After the film, Malala appeared on screen for a conversation with the audience that included Telluride regular Ken Burns, Guggenheim, and her father Ziauddin Yousafzai. Malala was not at Telluride because she was taking tests in Britain for university entrance.

Malala onscreen at Telluride over director Davis Guggenheim, and her father Ziauddin Yousafzai

Malala onscreen at Telluride over director Davis Guggenheim, and her father Ziauddin Yousafzai

My two top films at Telluride:

“Son of Saul”, a powerful and shattering Hungarian film about a man responsible for cleaning the concentration camp showers. He desperately tries to have a religious burial for a young boy.

“Suffragette”, vivid historical details and a strong cast in a moving film about a young laundry worker (Carey Mulligan) who becomes involved with the suffragettes. Because of government inaction, these women are turning to violence in their quest to gain the vote. Meryl Streep plays the real-life suffragette leader Emmeline Pankhurst.

There were other notable film from around the world.

“Spotlight” is a gripping view of the newspaper investigation of clerical abuse in Boston. A top group of actors (including Michael Keaton, Rachel McAdams and Mark Ruffalo) portray the investigative newsmen.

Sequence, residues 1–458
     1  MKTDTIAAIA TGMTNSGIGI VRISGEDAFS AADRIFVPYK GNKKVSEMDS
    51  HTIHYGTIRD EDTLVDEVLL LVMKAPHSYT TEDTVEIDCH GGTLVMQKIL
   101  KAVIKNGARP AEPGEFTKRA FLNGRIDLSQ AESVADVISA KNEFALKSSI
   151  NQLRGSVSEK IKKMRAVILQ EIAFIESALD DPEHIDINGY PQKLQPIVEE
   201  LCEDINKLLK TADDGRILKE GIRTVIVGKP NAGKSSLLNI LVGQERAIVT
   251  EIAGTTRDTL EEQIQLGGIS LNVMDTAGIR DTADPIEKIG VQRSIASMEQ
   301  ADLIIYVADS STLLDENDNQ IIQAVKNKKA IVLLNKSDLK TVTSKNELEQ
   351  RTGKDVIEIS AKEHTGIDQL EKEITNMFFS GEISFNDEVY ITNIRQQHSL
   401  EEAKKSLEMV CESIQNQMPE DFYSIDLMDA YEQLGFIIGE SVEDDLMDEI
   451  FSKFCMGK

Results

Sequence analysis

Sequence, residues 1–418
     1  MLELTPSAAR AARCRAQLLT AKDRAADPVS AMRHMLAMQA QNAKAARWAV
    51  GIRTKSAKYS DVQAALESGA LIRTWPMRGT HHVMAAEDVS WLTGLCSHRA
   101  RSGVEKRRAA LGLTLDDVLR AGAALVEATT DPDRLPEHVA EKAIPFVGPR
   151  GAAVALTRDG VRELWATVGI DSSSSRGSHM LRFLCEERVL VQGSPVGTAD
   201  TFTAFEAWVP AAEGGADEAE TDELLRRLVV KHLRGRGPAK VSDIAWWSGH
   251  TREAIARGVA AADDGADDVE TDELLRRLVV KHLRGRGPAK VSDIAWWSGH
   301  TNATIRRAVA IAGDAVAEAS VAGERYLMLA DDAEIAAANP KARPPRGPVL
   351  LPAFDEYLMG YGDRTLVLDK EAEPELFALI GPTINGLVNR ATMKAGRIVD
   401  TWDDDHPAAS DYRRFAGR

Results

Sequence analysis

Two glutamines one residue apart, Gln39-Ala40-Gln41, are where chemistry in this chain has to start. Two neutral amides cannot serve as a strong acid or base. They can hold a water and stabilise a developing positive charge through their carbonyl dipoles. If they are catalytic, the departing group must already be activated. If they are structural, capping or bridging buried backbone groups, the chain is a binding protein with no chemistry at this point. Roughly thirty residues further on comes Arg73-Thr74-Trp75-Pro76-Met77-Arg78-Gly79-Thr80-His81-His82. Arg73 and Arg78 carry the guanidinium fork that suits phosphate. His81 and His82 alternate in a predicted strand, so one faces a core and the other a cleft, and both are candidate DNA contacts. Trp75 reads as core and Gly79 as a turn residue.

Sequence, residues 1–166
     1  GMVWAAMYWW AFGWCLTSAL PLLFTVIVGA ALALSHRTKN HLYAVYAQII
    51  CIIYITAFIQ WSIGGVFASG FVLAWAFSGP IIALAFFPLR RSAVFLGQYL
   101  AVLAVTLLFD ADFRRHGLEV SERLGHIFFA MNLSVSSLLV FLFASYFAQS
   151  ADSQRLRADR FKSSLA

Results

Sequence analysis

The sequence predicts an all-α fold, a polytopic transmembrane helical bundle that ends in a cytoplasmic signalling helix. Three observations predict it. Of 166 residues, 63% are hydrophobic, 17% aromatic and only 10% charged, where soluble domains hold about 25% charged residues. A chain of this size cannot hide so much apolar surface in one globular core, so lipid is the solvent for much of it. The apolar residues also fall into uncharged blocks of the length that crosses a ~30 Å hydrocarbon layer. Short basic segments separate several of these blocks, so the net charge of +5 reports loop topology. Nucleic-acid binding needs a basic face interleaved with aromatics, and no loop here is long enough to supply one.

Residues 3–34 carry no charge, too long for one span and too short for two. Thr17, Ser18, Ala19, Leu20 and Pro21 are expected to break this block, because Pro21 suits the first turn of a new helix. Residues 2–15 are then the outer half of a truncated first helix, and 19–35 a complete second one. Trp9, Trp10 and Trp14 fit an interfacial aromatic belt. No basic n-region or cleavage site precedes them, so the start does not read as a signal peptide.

Telluride outdoor panel. Front row: director Sarah Gavron ("Suffragette"), Meryl Streep, moderator Annette Insdorf; Back row: director Tom McCarthy ("Spotlight"), Rachel McAdams

Telluride outdoor panel. Front row: director Sarah Gavron (“Suffragette”), Meryl Streep, moderator Annette Insdorf; Back row: director Tom McCarthy (“Spotlight”), Rachel McAdams

“Beasts of No Nation”, directed by Cary Fukunaga (“True Detective”), is an intense and disturbing film about child soldiers in an African civil war. Idris Elba is forceful and frightening as the rebel leader.

From France, “Marguerite”, based on a real incident has a terrific performance by Catherine Frot as a wealthy woman who sings publicly, but with no talent. Frot is amusing and also poignant.

“Rams” is a unique Icelandic film about two brothers living nearby who don’t speak. A disease caught by one brother’s sheep causes complications and contacts between them, often is deep snow. Lots of surprises, visually striking and with photogenic sheep.